[Date Prev][Date Next][Thread Prev][Thread Next][Date Index][Thread Index][Subject Index][Author Index]
Van Smith asks how any sane person can question any longer that an impact
knocked off the dinosaurs.
The answer is that it is the job of all scientists to question anything
like this with great vigor. I personally feel an impact was a rather
major factor in the extinctions - although perhaps not the only major
factor. However, if I can come up with any argument against evidence put
forth in support of the impact theory, you bet I'll make it. If the impact
theory can't hold up against the argument then it'll fall, if it can, then
it will be stronger.
Despite pronouncements of a done deal in the press, there is a huge amount
of additional work that needs to be done and I'm rather happy there are
skeptics out there doing their best to argue against impacts - it'll keep
us from getting sloppy and lazy and accepting all sorts of things that
make sense within the theory at the time but may be wrong. I know there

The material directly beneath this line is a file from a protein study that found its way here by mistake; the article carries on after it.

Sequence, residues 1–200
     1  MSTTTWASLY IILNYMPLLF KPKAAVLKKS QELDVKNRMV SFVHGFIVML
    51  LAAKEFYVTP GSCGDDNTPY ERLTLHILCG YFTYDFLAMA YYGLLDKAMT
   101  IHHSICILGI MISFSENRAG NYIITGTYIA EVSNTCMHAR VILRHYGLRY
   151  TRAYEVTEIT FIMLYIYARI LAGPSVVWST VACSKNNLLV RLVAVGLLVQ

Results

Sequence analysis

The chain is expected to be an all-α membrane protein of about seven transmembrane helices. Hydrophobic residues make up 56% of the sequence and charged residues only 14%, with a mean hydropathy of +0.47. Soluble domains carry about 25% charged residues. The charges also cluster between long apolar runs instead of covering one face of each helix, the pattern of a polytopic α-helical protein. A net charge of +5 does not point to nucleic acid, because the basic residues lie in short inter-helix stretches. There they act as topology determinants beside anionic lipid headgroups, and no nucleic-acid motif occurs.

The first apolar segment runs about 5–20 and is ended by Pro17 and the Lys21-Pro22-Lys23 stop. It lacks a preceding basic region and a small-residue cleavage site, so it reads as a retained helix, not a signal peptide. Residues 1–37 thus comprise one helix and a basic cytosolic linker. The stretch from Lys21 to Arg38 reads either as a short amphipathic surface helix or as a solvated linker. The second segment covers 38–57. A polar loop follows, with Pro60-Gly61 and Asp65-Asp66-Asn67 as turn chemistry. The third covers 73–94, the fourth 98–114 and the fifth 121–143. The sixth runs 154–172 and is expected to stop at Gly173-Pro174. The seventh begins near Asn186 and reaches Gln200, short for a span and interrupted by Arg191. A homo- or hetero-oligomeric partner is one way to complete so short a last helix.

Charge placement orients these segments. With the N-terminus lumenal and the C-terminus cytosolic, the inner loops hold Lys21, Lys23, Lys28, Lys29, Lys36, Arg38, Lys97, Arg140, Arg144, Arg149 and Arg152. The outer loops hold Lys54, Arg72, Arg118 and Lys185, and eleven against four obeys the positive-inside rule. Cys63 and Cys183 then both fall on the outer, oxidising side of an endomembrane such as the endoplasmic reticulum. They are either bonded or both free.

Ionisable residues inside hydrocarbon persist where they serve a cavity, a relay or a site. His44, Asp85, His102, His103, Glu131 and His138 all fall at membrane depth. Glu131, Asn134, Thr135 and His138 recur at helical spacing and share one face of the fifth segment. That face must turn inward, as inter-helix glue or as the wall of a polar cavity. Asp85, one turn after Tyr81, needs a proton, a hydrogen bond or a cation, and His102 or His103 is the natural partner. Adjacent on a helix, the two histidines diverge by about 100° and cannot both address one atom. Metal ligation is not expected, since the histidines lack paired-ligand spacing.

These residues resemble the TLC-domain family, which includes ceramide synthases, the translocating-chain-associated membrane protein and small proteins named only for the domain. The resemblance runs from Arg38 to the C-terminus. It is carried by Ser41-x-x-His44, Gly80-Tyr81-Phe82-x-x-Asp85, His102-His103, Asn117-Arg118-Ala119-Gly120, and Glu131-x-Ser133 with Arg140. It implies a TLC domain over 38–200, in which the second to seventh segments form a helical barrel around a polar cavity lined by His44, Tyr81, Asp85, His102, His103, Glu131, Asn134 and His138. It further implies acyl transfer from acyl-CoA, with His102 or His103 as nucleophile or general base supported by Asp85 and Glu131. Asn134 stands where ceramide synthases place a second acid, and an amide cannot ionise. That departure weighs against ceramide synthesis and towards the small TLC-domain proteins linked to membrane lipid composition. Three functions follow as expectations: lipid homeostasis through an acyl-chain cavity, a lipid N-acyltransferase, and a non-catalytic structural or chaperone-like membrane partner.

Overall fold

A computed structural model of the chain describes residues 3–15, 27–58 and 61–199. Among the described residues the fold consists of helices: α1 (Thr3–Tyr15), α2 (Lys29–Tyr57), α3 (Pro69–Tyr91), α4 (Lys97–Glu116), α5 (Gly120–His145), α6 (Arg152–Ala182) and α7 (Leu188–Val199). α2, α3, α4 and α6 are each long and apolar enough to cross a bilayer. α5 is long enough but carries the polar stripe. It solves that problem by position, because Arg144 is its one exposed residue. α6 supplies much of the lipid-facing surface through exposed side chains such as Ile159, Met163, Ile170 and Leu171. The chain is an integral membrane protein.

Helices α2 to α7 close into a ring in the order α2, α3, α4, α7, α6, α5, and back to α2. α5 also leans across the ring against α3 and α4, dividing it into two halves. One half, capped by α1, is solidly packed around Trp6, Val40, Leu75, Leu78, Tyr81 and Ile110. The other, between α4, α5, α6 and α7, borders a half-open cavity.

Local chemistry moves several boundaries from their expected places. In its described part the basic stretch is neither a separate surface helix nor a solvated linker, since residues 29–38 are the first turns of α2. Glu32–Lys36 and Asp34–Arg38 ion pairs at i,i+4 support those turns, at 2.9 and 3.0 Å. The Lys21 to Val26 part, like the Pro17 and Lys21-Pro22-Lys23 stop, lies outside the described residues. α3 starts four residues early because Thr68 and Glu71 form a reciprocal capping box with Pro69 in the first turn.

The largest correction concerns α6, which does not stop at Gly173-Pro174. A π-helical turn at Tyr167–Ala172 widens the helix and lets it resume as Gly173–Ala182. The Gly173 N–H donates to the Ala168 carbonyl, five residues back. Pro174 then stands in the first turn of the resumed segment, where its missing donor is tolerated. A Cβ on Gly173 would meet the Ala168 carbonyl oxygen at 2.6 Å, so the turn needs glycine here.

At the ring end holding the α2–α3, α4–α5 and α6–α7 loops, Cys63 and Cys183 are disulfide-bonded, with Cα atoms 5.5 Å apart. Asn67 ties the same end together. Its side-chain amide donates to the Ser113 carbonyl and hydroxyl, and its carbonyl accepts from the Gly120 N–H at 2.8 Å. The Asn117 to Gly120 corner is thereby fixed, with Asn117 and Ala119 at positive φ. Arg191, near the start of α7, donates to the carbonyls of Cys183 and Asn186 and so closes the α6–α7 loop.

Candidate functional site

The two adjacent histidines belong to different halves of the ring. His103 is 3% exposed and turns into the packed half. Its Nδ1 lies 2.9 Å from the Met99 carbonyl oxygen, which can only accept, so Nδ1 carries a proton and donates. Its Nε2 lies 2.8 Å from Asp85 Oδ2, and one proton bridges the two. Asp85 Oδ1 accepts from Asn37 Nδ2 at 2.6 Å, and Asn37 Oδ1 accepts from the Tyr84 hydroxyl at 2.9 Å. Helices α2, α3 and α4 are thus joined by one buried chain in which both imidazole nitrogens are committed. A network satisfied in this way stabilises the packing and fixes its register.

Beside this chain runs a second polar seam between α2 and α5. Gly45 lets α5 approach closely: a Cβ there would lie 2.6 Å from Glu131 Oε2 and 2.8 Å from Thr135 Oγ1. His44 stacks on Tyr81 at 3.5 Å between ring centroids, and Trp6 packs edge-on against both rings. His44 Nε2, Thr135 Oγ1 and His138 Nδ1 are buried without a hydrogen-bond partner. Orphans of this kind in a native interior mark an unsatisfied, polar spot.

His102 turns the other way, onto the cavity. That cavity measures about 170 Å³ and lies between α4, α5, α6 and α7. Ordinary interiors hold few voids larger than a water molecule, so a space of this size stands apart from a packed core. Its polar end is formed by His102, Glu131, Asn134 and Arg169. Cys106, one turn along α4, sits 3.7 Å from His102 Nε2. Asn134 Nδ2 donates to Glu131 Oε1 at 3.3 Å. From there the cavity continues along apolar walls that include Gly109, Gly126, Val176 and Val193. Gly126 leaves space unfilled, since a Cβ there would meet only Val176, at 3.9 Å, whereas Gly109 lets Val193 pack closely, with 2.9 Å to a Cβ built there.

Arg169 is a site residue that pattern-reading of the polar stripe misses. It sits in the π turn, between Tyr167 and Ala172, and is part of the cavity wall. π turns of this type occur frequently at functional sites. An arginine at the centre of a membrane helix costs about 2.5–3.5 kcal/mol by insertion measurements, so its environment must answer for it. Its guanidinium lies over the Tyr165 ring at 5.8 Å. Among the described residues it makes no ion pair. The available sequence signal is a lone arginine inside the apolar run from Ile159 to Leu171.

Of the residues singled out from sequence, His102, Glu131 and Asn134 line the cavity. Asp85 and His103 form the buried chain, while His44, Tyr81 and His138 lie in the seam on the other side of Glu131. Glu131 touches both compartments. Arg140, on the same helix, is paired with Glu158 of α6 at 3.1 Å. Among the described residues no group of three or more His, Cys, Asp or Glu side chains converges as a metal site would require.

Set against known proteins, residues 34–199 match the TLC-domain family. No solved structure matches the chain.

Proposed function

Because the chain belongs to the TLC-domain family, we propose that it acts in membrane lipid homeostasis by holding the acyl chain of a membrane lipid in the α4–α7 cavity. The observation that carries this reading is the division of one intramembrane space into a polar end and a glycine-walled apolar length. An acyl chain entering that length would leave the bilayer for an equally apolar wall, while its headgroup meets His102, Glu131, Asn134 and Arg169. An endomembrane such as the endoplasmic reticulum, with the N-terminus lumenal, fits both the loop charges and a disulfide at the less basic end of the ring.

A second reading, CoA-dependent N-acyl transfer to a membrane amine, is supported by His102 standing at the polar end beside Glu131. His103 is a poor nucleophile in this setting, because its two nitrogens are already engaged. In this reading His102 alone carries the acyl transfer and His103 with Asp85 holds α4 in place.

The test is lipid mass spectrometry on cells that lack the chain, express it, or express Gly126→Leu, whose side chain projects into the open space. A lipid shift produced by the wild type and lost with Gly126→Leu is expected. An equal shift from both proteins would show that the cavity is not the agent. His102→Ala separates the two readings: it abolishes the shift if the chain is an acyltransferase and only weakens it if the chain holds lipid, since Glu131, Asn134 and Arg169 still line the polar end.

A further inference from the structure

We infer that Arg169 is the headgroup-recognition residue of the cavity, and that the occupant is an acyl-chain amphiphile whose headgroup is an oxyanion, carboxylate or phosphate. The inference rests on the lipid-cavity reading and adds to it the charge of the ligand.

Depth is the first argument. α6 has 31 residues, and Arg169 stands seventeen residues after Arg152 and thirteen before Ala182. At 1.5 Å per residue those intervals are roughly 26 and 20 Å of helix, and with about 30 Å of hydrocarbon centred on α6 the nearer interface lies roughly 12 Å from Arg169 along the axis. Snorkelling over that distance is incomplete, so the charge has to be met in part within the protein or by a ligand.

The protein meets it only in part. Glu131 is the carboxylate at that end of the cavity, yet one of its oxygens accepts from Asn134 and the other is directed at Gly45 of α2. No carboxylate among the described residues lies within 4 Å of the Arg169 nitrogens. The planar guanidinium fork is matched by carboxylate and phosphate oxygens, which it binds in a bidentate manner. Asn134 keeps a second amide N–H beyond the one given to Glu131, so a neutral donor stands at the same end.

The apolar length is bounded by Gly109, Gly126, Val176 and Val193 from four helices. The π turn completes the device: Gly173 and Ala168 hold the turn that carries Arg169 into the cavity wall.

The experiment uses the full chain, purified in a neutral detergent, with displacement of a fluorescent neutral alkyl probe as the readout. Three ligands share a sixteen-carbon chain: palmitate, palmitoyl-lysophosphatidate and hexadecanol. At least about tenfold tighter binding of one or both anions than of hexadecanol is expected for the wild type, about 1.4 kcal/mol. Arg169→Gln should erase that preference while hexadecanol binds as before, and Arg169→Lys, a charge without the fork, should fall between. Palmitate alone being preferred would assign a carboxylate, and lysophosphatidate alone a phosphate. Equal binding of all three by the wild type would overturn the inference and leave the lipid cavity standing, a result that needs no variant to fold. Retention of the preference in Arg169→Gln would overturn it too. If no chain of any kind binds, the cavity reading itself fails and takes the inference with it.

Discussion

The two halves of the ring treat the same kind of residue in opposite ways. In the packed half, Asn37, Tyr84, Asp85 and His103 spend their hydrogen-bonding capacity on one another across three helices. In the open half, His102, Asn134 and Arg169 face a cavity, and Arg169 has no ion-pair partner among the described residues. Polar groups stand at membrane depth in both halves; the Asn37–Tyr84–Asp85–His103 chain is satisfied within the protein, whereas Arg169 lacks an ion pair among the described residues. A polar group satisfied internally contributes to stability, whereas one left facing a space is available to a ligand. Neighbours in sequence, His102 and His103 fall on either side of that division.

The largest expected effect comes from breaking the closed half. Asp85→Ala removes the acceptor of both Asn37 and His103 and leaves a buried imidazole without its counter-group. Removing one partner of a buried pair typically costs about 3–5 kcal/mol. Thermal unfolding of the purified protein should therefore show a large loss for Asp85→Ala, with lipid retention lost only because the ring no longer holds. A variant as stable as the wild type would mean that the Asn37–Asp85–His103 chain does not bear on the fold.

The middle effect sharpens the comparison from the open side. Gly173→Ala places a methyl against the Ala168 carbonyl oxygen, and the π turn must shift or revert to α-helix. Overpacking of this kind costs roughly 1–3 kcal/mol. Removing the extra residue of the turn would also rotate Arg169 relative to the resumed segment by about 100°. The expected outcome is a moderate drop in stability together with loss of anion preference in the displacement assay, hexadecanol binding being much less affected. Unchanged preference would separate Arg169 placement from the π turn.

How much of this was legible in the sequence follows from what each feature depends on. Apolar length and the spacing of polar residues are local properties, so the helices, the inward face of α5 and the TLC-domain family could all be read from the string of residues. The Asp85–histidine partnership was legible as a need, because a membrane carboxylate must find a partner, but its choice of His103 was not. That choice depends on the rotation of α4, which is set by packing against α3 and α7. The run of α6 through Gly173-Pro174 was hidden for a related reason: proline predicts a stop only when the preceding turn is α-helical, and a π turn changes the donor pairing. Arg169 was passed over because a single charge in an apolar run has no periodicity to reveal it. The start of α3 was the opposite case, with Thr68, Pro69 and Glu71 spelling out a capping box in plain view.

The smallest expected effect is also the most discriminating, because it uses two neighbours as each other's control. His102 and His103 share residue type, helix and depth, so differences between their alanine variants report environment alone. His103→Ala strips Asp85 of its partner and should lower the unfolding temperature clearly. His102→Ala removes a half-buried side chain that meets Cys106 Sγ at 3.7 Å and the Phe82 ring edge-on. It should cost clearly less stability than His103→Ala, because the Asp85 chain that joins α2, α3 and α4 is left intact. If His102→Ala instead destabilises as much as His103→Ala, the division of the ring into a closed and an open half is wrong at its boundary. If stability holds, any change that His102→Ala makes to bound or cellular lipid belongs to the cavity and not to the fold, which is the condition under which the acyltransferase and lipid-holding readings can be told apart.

has been significant discussion related to whether deposits really are
big tsunami deposits or have other explanations, whether the Ch. impact
is the correct age, etc. I think we'll be more convinced 10 years from now
and not less but not only encourage all of us to try and kill the theory
but get some odd pleasure from seeing the energy of the discussion. It's
what keeps science vital and non-religious.
So, questioning the impact theory is the only sane approach - even for those
who think it'll make it through the discussion. Some have gotten too
personal in the discussions and have made their own well-being too dependent
on others accepting or rejecting the theory, which makes them get nasty
at times. So here I agree with Bakker's attempts to come up with other
theories and argue against this one. The only problem is that, if you have
another theory you also have to go through the same process which is long
and hard. But that's no problem at all, just science...
Ralph Chapman, NMNH